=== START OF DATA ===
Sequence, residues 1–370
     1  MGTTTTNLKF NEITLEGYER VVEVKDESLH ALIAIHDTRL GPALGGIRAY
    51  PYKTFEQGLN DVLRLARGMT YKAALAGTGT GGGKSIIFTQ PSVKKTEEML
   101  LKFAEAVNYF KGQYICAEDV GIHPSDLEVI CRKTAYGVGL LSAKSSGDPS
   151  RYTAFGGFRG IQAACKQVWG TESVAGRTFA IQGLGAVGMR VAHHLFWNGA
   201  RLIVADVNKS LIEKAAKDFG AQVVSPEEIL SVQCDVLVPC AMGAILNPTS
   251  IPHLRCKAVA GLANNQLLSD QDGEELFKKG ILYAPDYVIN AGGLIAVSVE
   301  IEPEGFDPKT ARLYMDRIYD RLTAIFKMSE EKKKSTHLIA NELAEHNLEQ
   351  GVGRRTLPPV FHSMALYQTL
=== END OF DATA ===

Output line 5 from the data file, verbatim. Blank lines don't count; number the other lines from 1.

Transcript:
   151  RYTAFGGFRG IQAACKQVWG TESVAGRTFA IQGLGAVGMR VAHHLFWNGA